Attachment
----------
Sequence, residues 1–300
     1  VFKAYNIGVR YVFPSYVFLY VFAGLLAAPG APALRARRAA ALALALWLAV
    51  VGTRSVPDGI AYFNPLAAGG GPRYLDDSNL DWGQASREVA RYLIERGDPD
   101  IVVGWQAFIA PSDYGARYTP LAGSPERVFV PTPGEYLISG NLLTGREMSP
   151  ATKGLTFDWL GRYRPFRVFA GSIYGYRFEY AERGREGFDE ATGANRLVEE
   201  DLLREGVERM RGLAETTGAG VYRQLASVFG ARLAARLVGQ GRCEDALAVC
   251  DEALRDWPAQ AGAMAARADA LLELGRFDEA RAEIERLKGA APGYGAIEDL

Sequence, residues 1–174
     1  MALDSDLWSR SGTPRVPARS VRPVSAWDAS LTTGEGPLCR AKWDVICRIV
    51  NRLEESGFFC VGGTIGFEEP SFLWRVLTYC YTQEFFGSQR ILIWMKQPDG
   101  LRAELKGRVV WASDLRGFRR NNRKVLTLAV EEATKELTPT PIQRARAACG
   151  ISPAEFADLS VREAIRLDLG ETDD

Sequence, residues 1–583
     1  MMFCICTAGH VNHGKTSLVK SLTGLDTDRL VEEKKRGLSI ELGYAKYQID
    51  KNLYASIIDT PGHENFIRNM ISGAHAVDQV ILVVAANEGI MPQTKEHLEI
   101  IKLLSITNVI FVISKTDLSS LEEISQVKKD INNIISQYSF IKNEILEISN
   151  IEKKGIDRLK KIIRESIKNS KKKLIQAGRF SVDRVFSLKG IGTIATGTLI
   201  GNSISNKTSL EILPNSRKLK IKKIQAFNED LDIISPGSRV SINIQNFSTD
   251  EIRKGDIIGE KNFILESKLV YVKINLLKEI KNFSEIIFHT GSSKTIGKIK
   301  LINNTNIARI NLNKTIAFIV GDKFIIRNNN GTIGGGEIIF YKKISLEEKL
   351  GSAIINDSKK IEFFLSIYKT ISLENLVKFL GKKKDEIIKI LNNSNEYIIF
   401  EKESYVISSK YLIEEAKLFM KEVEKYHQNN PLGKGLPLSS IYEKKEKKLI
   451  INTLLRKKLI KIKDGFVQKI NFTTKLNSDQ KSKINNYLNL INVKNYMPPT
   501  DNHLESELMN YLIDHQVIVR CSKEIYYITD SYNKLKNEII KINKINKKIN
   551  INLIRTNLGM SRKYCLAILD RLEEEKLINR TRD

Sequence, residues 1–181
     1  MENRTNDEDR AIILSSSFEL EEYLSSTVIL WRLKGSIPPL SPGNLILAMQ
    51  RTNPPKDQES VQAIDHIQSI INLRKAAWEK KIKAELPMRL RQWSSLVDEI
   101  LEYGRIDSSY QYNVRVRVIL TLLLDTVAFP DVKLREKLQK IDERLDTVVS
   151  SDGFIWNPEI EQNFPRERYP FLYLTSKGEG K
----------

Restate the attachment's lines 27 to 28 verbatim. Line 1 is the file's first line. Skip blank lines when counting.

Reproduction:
     1  MENRTNDEDR AIILSSSFEL EEYLSSTVIL WRLKGSIPPL SPGNLILAMQ
    51  RTNPPKDQES VQAIDHIQSI INLRKAAWEK KIKAELPMRL RQWSSLVDEI